TRAPPIST-1 is a weak, cold 18th-magnitude star – a red dwarf (cataloged as 2MASS J23062928-0502285), which got its name from the telescope through which it was studied in great detail: TRAnsiting Planets and PlanetesImals Small Telescope. The telescope is located at the ESO Observatory of La Silla in Chile. Further study of the star and the confirmation of the existence of the first three planets have been performed through infrared Spitzer Space Telescope in May 2016, and the discovery of the next four ensued later that year. The discovery was also confirmed by observations of British UKIRT infrared telescope and ESO’s Very Large Telescope.
Huge distances in our universe should be not a barrier, but a challenge to the mind. It is impossible to directly observe even the outlines of individual stars, but it does not prevent us from discovering and studying their planetary systems. The development of tools, namely extra-atmospheric astronomy, and the advent of new research methods led to exoplanets being discovered quite often: there are now more than 3,500 officially confirmed planets and over 4,500 awaiting confirmation. Of them, 44 are considered potentially livable.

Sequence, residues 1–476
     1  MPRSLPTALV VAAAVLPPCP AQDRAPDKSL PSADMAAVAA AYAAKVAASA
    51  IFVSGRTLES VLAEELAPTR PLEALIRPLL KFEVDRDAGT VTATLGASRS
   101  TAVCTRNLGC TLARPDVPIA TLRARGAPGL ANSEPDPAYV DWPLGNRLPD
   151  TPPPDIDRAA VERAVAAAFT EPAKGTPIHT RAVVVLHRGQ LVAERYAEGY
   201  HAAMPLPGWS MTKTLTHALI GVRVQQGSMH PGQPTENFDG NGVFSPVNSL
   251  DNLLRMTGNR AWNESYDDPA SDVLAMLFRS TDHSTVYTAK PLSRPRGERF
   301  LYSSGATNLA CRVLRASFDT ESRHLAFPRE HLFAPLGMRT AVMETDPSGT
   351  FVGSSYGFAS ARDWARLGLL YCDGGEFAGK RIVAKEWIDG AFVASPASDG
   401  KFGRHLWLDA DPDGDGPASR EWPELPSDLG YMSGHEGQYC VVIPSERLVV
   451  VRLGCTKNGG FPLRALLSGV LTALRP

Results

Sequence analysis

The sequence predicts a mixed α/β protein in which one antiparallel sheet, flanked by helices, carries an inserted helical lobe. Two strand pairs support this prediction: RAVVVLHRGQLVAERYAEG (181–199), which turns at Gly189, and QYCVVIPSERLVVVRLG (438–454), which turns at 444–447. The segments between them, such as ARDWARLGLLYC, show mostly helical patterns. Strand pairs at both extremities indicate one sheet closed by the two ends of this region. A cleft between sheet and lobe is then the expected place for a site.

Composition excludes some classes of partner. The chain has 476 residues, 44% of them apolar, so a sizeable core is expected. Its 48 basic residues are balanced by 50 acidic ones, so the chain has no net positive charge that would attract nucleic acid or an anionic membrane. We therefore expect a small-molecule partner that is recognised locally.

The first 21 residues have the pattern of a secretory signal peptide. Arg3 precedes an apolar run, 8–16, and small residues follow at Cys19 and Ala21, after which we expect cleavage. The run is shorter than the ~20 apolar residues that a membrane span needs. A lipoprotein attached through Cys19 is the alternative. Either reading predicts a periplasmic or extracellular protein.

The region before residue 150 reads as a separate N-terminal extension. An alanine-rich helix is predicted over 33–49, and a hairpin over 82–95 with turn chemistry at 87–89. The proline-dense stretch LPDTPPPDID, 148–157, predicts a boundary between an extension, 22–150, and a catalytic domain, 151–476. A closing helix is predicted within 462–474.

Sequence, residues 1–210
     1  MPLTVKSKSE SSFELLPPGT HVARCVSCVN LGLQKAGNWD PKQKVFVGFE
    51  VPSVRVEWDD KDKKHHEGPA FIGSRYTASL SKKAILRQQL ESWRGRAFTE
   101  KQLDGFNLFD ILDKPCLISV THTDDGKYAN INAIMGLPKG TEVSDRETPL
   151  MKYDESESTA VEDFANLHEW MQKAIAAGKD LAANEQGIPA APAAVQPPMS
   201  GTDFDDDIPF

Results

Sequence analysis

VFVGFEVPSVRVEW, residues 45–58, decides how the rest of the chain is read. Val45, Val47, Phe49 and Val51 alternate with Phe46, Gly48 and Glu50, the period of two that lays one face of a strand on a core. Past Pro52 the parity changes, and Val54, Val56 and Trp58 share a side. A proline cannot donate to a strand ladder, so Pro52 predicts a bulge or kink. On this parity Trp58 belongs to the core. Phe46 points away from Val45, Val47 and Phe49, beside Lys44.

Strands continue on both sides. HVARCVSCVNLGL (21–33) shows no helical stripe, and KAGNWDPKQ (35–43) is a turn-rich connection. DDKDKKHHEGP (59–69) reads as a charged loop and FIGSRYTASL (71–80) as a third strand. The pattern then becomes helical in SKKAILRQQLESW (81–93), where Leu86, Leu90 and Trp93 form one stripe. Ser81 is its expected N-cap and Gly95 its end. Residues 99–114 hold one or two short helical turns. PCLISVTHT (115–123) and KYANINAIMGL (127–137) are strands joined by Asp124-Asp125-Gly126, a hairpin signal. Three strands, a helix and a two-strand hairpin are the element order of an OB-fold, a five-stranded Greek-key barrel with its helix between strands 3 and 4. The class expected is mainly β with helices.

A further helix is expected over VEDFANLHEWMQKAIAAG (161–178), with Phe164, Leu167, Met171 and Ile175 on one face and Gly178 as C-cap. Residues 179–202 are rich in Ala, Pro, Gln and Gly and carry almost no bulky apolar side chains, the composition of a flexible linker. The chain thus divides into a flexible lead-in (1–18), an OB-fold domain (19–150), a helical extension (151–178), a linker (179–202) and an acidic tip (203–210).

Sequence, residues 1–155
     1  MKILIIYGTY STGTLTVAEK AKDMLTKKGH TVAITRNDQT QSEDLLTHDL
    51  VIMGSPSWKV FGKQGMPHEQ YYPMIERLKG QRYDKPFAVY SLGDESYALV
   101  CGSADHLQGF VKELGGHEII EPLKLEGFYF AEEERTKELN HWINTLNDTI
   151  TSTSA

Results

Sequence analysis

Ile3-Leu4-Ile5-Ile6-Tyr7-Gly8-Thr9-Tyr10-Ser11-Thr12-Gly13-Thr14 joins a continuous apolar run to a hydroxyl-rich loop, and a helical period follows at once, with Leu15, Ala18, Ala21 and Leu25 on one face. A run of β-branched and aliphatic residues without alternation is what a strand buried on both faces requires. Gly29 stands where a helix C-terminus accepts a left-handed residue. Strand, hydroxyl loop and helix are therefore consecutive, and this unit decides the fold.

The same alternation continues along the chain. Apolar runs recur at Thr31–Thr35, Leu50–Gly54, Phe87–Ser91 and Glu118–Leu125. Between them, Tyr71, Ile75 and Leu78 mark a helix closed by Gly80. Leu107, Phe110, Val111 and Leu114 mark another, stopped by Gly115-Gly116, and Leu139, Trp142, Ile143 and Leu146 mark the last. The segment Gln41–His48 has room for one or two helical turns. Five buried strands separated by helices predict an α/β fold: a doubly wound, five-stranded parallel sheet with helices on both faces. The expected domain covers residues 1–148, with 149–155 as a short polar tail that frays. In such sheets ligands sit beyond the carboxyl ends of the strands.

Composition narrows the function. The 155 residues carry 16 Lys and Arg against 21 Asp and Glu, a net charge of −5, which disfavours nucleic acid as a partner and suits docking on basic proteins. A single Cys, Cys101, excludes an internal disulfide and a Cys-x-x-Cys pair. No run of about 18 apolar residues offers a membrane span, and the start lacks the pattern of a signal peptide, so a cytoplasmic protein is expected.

There are several methods for the discovery of planets around other stars. The most common is the so-called transit method, based on observations of changes in brightness during the planet’s passage against the star. It allows to determine the size, and in combination with other methods – the density of the planet, and can provide information about the existence of the atmosphere and its composition. This method has contributed to the discovery of 2,608 exoplanets, more than 76 percent of presently known. A further 19.5 percent of the known exoplanets were discovered using the Doppler method (a.k.a. radial velocity method), based on spectrometric measurement of radial velocity of a star in orbit around the system’s relative center of mass. The remaining 4.5 percent of extrasolar planets were discovered using other indirect methods and their hybrids, of which dozens are used today.